Check out the game after the break, and let us know what you think of it in the comments.
One month ago, President Obama blamed the sluggish economy on technologies like ATMs and self-service kiosks, extremely underestimating the value Americans find in innovation. To prove how vital new technology is to the economy, Southern Methodist University professor Michael Cox asked his students how much money they would have to be paid to give up the internet for the rest of their lives, but found few takers to his proposal.
Do you think you could be paid to give up the internet forever? Check out a video produced by the free market group the Fund for American Studies after the break, and let us know what you think in the comments.
The Federal Election Commission, which serves to govern the financing of federal elections, ended its second quarter for presidential fundraising on June 30. Of the Republican candidates who released their numbers, former Gov. Mitt Romney led the Republican presidential hopefuls with $18.3 million, trailed by Rep. Ron Paul with $4.5 million, former Gov. Tim Pawlenty with $4.2 million, and former ambassador and Gov. Jon Huntsman with $4.1 million. Earlier this morning, Obama 2012 campaign manager Jim Messina previewed President Barack Obama's fundraising numbers and placed his fundraising sum at $86 million, far overshadowing any of his GOP competitors.
While the number appears ominous to his rivals, it isn't as staggering as it seems, and might even place Obama behind the mark of where he hopes to be. As National Review's Jim Geraghty explains, Obama's fundraising is actually behind his 2008 pace, and if he keeps the same pace for the remaining seven quarters, will not come close to achieving his goal of $1 billion. Check out more of Geraghty's analysis after the break, and let us know your thoughts in the comments.
During former President George W. Bush's time in office, he was regularly described as fascist, murderous, and a war criminal for his wars in Iraq and Afghanistan. Even if people didn't support the wars, though, Bush obeyed the law and received congressional approval to be in the countries. President Barack Obama is the one acting above the law, having yet to seek approval for being at war with Libya and ignoring the War Powers Act, but the media remains absent on labeling him with the same names.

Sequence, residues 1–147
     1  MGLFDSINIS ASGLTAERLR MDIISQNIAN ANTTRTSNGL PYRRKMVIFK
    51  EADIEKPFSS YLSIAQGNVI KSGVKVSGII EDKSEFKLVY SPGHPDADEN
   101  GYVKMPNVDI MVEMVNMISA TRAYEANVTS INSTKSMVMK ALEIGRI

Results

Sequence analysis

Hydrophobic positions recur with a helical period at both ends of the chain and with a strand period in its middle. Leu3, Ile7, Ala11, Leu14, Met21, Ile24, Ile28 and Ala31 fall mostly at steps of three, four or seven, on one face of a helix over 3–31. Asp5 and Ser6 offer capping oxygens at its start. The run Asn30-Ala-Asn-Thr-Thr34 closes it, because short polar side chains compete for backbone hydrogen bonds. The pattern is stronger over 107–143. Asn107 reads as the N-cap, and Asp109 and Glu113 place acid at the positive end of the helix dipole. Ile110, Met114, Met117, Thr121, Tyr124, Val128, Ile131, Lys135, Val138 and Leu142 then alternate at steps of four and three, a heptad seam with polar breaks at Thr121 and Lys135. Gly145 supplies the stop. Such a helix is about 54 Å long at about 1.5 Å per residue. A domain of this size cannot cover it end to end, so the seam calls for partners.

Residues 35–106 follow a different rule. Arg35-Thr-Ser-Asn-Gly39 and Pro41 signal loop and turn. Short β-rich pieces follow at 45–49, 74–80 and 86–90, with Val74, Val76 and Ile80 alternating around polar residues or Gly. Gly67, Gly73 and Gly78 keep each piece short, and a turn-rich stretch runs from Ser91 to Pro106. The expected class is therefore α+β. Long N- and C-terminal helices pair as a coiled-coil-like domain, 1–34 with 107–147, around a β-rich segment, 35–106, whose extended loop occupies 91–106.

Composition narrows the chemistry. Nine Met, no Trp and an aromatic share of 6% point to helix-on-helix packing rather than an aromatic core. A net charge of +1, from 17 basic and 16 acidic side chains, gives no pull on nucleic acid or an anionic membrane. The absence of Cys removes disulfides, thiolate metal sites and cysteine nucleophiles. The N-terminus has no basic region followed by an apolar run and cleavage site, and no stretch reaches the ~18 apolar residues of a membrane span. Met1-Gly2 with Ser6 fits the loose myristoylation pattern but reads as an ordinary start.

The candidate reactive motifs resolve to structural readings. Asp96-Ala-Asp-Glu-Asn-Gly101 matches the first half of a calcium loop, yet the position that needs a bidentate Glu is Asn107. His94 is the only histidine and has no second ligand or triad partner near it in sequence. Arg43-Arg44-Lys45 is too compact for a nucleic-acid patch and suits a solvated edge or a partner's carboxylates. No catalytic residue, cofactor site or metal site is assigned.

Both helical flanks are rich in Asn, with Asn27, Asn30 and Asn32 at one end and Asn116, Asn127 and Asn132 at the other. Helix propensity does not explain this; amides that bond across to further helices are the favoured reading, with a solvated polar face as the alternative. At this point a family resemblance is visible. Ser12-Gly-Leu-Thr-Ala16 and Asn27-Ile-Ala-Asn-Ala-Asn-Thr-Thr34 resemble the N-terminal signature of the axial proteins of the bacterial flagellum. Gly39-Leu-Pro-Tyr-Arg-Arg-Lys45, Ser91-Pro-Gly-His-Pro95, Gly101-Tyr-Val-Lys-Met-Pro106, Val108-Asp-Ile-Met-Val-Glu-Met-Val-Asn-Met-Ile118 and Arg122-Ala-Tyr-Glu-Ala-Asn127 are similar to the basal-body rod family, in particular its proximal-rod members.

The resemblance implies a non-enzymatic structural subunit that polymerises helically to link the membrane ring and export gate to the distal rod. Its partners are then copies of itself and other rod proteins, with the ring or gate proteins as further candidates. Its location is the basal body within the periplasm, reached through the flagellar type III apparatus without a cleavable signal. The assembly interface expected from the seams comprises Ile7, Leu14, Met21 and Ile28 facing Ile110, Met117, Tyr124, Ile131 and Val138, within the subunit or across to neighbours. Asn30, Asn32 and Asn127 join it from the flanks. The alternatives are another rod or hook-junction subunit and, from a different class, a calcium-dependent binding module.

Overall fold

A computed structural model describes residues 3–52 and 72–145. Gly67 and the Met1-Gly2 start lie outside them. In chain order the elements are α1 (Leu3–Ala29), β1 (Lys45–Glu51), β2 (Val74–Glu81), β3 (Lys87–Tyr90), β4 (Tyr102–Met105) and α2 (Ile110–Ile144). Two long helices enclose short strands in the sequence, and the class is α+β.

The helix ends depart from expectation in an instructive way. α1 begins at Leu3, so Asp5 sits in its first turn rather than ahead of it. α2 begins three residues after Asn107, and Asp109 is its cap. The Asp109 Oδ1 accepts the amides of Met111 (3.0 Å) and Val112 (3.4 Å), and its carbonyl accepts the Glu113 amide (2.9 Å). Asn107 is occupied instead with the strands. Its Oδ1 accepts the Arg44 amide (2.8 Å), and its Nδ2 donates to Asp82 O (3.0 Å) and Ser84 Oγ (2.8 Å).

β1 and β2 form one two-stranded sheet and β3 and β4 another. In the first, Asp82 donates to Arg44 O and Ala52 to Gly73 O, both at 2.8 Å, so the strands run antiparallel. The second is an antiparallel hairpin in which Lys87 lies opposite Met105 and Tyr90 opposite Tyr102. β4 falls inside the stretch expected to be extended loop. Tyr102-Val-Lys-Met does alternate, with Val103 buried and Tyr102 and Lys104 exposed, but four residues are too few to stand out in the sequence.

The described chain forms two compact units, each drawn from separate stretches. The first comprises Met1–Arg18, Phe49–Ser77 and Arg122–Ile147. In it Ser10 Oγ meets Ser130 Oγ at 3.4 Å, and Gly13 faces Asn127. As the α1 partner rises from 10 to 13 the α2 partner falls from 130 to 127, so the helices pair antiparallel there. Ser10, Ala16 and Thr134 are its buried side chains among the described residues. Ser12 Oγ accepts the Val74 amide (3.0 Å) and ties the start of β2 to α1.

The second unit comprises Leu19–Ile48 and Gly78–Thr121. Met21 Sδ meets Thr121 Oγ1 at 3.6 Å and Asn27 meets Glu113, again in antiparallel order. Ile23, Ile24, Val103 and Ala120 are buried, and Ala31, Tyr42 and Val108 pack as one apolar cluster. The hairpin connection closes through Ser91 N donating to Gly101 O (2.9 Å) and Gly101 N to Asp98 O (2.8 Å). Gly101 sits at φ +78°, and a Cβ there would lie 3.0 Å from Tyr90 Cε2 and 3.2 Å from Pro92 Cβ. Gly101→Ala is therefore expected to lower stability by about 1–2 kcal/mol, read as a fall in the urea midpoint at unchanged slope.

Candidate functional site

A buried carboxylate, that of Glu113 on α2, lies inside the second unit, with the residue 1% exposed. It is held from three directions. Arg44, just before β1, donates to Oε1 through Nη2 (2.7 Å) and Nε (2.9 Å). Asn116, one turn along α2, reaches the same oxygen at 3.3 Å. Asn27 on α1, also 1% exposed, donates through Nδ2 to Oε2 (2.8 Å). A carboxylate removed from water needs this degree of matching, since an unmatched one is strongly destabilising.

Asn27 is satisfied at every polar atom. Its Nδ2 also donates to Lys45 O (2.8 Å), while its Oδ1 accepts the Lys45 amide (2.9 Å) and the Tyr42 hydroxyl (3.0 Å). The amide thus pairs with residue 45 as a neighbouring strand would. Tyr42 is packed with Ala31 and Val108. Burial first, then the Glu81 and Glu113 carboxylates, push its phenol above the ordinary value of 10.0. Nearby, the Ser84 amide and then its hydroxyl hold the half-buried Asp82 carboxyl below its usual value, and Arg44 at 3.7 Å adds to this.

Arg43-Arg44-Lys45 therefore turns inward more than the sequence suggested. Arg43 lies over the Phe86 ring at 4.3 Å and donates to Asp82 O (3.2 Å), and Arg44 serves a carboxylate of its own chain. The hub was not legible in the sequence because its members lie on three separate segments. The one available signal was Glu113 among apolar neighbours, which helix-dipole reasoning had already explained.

While the Tea Party movement has largely been viewed as a resurgence in conservative values away from big government Republican politicians, its fiscal policies are attracting a new crowd: fiscally conservative Democrats.
With remarks from both Rep. Michele Bachmann and Republican National Committee chairman Michael Steele that the Tea Party embraces a number of disaffected Democrats, but arguments from Democrats that the Tea Party will never vote for anyone besides a Republican, it remains unclear what effect the more liberal faction of the Tea Party will have on the 2012 elections.
Check out analysis of the Tea Party minority group after the break, and let us know what you think in the comments.
In another effort to engage the online community once bubbling with support for President Barack Obama, Obama will participate in a Twitter town hall today at 2 pm EDT to answer questions on jobs and the economy posed by Twitter users with the hashtag #askobama.
The questions Obama answers will be handpicked by Twitter staffers and pre-selected Twitter users, who will be tracking the popularity and geographical distribution of the questions to determine which questions to ask Obama. Don't expect any hardball questions, though. As Michelle Malkin points out, the moderator of the town hall, Twitter co-founder Jack Dorsey, is a close friend of the administration as a State Department adviser.
Will you be participating? Let us know what you think of Obama's latest online engagement effort in the comments.
With the deadline for raising the debt ceiling looming less than a month away, there are mixed feelings about raising the debt ceiling among debt-conscious politicians who are hesitant to give more spending power to the government. The Treasury Department has given August 2 as the estimated date on which the U.S. will no longer be able to meet fiscal obligations if the debt ceiling is not raised, though.
Sen. Rand Paul explained on Sunday that Republicans would be more in favor of raising the debt ceiling if there were a balanced budget amendment in the Constitution to obligate the federal government to balance its budget each year and prohibit it from running a deficit.
Check out a video of Paul's remarks after the break, and let us know what you think in the comments.